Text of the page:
The implementation and consistency of establishing an early mobilization culture has numerous barriers. A recent survey showed that only 3% of all Canadian physicians and physiotherapists practiced in a facility that has early mobilization guidelines (24). The most common barriers to mobilizing children are lack of physiotherapy resources, lack of practice guidelines, and concerns for patient safety (14,16,24). In a recent publication by Zheng et al. that conveys the results of post-mobilization interviews, both clinicians and parents expressed similar concerns that mobilization was not prioritized early in the ICU stay (25). Clinicians were primarily concerned for the safety of patients, whereas parents were more focused on prognosis of their child’s illness. Families’ trust in the healthcare team and clinicians’ belief in the importance of early mobilization were the most supportive reasons for early mobilization in the PICU population and facilitated patient motivation. That study highlights the importance of family engagement and clinician buy-in to mobilization of our patients. In the PICU Up! quality improvement project, implementation of an early mobilization activity program decreased the immobility caused by procedures or tests. However, the reported barrier of equipment availability increased. This finding suggests that team coordination for mobilization activities was improved and that missing specialized equipment became more apparent as mobilization was considered for patients previously deemed ineligible.
Safety and feasibility
Mobilization of critically ill children, many with central lines, endotracheal tubes, and other life-saving devices, is associated with potential risks and complications. Hence, concerns about safety often guide staff perceptions about PICU mobility. These complications may include, but are not limited to, hemodynamic instability, accidental tube or line dislodgement, falls, pain, and anxiety. However, multiple studies have reported that early mobilization of critically ill children is safe when appropriate precautions are taken and levels of mobility are suitable for the level of acuity. The wEECYCLE trial randomized patients to receive in-bed cycling or standard physiotherapy and showed no adverse events in any of the patients in the cycling arm (17). Abdulsatar et al. reported no adverse events related to the use of Nintendo Wii boxing as an exercise modality (18). The large quality improvement initiative PICU Up!, which included 200 patients, showed no associated adverse events with the use of a stratified early rehabilitation program (16). Studies in specialized populations, including children who require ventricular assist devices and postoperative otolaryngology patients, also have failed to show an increase in adverse events after implementation of rehabilitation programs (20,21).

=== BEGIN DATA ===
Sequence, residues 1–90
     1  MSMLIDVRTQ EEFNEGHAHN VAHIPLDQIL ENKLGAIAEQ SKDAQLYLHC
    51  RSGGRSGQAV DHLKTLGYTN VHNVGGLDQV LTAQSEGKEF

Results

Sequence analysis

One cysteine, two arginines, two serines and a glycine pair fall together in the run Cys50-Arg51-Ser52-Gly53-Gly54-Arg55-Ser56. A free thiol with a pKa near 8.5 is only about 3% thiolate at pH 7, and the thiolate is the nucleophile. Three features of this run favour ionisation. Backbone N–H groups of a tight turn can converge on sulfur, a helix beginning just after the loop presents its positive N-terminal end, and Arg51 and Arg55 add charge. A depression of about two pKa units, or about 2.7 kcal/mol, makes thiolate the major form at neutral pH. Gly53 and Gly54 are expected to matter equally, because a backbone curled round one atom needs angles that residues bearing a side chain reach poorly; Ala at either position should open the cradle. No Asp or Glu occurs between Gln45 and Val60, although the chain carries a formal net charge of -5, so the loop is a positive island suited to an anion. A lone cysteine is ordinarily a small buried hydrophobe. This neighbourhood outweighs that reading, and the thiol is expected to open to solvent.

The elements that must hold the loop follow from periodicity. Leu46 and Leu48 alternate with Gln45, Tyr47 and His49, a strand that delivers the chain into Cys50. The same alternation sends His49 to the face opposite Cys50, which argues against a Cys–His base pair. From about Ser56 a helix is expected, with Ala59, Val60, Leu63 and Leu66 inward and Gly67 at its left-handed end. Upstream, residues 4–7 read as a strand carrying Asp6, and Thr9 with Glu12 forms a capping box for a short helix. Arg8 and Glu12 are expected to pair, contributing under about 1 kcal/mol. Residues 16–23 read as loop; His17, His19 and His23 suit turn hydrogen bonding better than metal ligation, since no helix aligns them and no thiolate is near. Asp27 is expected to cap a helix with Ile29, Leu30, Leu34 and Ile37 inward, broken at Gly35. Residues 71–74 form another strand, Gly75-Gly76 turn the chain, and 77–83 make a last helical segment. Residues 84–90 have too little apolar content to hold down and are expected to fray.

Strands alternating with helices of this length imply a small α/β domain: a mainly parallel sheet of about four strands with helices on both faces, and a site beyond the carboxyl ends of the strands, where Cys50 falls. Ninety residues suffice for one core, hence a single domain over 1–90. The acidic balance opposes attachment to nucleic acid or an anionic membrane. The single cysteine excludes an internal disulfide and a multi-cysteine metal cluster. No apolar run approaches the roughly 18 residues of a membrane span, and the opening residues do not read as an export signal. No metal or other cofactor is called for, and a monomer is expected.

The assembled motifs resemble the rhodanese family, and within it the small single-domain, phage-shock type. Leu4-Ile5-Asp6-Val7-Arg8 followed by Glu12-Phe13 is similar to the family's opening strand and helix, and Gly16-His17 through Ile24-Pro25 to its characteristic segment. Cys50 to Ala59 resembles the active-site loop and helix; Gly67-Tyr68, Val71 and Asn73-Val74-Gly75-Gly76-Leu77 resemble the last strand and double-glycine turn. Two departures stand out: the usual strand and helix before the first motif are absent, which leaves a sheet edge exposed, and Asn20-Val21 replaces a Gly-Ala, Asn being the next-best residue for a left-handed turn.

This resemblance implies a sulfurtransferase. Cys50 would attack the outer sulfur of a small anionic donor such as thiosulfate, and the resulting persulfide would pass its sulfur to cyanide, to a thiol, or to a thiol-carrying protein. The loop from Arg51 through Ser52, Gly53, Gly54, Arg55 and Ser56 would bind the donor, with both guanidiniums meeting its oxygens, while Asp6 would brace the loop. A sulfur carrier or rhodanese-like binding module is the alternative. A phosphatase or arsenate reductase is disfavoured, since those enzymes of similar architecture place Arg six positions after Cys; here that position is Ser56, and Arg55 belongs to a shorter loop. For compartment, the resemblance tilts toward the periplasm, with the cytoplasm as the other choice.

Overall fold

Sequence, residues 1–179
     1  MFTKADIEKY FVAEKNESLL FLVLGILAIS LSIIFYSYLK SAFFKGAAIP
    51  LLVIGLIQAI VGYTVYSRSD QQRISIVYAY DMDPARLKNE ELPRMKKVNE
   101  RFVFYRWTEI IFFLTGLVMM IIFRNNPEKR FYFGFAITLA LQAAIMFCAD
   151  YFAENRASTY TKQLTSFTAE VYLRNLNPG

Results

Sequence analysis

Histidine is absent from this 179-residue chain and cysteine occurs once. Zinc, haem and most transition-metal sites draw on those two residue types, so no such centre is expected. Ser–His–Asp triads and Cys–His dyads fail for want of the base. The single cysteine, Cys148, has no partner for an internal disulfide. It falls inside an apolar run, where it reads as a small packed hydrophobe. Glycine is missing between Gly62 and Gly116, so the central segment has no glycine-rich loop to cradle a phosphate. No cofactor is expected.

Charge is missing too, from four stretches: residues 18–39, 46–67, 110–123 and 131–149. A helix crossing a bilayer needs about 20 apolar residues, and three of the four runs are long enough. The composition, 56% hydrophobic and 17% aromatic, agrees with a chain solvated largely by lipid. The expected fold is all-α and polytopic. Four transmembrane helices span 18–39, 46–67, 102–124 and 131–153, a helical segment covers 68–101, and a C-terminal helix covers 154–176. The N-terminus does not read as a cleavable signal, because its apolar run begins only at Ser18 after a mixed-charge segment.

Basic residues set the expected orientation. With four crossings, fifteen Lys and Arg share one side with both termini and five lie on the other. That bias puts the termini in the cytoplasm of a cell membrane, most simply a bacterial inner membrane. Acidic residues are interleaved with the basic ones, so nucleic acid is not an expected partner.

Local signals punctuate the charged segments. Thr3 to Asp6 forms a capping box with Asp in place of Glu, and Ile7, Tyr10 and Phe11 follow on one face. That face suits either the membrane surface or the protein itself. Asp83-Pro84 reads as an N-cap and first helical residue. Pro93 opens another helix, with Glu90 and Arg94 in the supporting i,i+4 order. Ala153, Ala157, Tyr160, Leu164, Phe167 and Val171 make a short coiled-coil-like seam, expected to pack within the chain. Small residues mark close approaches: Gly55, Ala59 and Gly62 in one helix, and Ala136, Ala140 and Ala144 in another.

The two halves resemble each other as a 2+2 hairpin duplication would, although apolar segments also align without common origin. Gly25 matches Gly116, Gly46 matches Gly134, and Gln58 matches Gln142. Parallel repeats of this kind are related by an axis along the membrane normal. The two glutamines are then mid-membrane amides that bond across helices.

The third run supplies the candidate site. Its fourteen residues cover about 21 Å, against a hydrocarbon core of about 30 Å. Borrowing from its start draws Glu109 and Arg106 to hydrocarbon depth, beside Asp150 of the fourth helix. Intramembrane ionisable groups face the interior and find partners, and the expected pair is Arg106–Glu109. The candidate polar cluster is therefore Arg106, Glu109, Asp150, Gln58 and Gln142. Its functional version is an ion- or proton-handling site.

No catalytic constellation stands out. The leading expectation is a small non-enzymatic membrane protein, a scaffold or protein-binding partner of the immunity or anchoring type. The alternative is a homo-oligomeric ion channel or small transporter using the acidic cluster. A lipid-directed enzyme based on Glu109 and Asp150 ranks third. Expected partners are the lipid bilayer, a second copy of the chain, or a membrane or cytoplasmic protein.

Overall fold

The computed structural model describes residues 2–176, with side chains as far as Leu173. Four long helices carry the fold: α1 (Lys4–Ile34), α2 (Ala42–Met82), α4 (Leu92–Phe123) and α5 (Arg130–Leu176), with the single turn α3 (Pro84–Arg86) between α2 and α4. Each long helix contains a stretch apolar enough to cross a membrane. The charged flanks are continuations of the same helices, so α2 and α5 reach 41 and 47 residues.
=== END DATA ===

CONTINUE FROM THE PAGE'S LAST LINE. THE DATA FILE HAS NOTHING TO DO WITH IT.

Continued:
The literature contains little data on the outcomes of early mobilization in the pediatric critically ill, and within the published data, the outcome measures vary substantially. Rehabilitation using Nintendo Wii boxing showed an increase in upper body activity in the intervention group, although there was no significant change in the patients’ grip strength (18). A study performed in adults by Andelic et al. showed significantly improved global functioning, measured by the Disability Rating Scale, in those who received early rehabilitation starting in the ICU (26). Compared with patients who received delayed rehabilitation, a larger proportion of the patients who received early rehabilitation were employed full time and lived at home without assistance at 12 months. Jacobs et al. found that children who were allowed a more liberal activity level postoperatively, specifically without physical or pharmacological restraints, had shorter PICU and total hospital lengths of stay (20). Outcome data are not limited to functional outcomes but also include neuropsychological outcomes. A study by Melchers et al. showed that increased sensory stimulation in pediatric patients with severe traumatic brain injury led to improvements in intelligence scores and quality of life at 6 months after ICU discharge (22).
Although the interest in early mobilization of pediatric patients is increasing, large-scale studies are still lacking. Synthesizing the current data suggests that early mobilization is safe, feasible, and can be employed in a variety of pediatric critically ill populations. The few studies that have evaluated functional outcomes have found benefits of early mobilization specifically in those with traumatic brain injury (26). Additionally, a small study that evaluated postoperative otolaryngology patients reported improved quality of life and decreased length of hospital stay with early mobilization. However, even given the supportive data published and the reassurance of no significant adverse events with the establishment of increased rehabilitation, many of our PICU patients are remaining immobilized.